• Tyler Wells brings his youth and vitality to the band and is a hot banjo player having won numerous competitions including Rockygrass and Huck Finn and finishing as one of the top five finalists in the national banjo championship in 2010.
  • Ted Sistrunk has studied under some of the best bass players in the USA and brings his ear for melodic lines, intuitive bass stylings and a solid groove to the Barnstormers.

ReamsBarnstormerswBlaineOnce again Reams has teamed up with a well-known artist, this time it is Blaine Sprouse, the legendary bluegrass fiddler renowned for his work with Jim and Jess McReynolds as well as his years on the Grand Ole Opry. In 2014, Reams plans to release a CD featuring both west and east coast band members and is currently working on original material for that album. In the meantime, he’s touring coast-to-coast and putting together an EP of seldom heard Christmas songs for release this fall.

Coast-to-coast tour

In celebration of the 20th anniversary, James Reams & the Barnstormers are starting a coast-to-coast tour beginning in Yuma, Arizona, today. Reams will be visiting both the west coast and the east coast Barnstormers at venues such as:

  • January 26:  Bluegrass in the Park, Yuma, Arizona
  • March 9: Redwood Bluegrass Associates, Mountainview, California
  • March 10:  Sonoma County Bluegrass Festival, Sebastopol, California
  • April 6: Tempe Festival of the Arts, Tempe, Arizona
  • April 19-20:  Durango Meltdown, Durango, Colorado
  • April 27-28: Bluegrass in Benson, Benson, Arizona
  • May 4: Hi-Country Bluegrass Festival, Cordes Junction, Arizona
  • June 7: Southwest Pickers, Albuquerque, New Mexico
  • June 8: Holly Bluegrass Festival, Holly, Colorado
  • June 22-23: Prescott Bluegrass Festival, Prescott, Arizona
  • August 17: Long Island Bluegrass Festival, Copaigue, New York
  • September 6-8: Pickin’ in the Panhandle, Hedgesville, West Virginia
  • September 13-15: Bluegrassin’ in the Foothills, Plymouth, California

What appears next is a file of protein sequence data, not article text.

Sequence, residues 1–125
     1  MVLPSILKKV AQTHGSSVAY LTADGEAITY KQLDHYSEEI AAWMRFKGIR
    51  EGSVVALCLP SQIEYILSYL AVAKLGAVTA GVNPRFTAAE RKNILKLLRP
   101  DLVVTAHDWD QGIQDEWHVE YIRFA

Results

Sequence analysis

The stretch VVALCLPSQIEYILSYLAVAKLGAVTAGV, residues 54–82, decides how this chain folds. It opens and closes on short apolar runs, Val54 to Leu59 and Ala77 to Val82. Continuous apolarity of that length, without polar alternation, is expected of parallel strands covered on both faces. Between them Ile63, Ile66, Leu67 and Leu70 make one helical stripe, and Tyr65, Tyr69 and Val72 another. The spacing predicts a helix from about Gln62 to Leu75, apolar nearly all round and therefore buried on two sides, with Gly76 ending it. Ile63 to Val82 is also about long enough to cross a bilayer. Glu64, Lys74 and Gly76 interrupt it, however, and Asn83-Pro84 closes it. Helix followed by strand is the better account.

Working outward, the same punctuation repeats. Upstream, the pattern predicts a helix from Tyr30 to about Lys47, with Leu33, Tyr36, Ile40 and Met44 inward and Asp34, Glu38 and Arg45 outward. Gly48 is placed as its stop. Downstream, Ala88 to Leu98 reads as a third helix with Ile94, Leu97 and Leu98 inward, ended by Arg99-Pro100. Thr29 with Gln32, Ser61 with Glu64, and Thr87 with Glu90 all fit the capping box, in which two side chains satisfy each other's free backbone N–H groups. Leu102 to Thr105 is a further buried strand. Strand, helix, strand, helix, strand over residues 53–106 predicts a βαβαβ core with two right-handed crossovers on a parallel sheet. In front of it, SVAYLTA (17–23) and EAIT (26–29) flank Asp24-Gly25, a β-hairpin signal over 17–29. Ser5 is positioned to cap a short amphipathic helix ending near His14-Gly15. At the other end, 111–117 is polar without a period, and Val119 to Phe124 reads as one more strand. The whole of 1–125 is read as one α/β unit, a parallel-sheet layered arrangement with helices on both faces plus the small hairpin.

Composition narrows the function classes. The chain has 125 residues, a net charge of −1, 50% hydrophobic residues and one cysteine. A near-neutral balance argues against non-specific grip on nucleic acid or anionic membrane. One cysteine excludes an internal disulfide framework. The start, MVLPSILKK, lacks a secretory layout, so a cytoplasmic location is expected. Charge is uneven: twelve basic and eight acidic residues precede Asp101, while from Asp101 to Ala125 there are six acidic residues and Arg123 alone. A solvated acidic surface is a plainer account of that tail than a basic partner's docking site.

• September 28-29: Park Slope Bluegrass and Old Time Music Jamboree, Brooklyn, New York

James Reams and Tina AridasIn February, Reams will be at the International Bluegrass Music Museum in Owensboro, Kentucky, for a dedication honoring his long-time partner Tina Aridas’ contribution to the genre. Aridas passed away in February 2011 and was a significant factor in Reams’ music.

Highlights over 20 years

When asked why he got into bluegrass and stayed there, Reams enthusiastically replied, “What pulled me into this music was groups like the Stanley Brothers. There’s a sort of chill, goose bumps that affected me when I heard them play. A passion for this music was born in me. I’ve always felt that excitement whenever I perform.”

His career highlights over the past 20 years include:

  • The release of three albums on the Copper Creek record label. Tom Paley suggested that Reams shop around the recordings they had made together which resulted in Artie Rose recommending Gary Reid at Copper Creek Records. The day he received the recordings, Reid called and offered to put it out on their national record label. Reams was not only shocked but near to tears when he received the news. It was a dream-come-true for that little boy in Kentucky who used to sing at the kitchen table.
  • The IBMA nomination as Emerging Artist of the Year. Reams was sitting at the kitchen table when he got the news. The whole thing was so surreal. As a young man he had always dreamed of contributing to this genre of music. And now he was playing the music he loved with idols of his day like Tom Paley and Walter Hensley and being recognized by the industry. It just doesn’t get any better than that!